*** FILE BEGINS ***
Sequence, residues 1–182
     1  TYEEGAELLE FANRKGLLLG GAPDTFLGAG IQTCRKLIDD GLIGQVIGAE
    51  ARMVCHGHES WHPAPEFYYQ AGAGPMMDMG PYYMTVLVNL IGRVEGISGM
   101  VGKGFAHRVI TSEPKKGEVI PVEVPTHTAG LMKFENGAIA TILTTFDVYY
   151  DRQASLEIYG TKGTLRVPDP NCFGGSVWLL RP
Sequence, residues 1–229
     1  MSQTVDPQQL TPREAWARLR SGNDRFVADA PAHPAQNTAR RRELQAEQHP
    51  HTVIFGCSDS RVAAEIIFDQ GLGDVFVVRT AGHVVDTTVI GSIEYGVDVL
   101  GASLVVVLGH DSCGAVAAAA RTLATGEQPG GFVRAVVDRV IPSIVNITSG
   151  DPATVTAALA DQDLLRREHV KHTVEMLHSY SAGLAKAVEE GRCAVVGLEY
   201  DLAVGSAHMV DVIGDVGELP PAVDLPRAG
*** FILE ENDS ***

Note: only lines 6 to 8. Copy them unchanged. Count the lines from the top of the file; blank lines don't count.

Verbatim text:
Sequence, residues 1–229
     1  MSQTVDPQQL TPREAWARLR SGNDRFVADA PAHPAQNTAR RRELQAEQHP
    51  HTVIFGCSDS RVAAEIIFDQ GLGDVFVVRT AGHVVDTTVI GSIEYGVDVL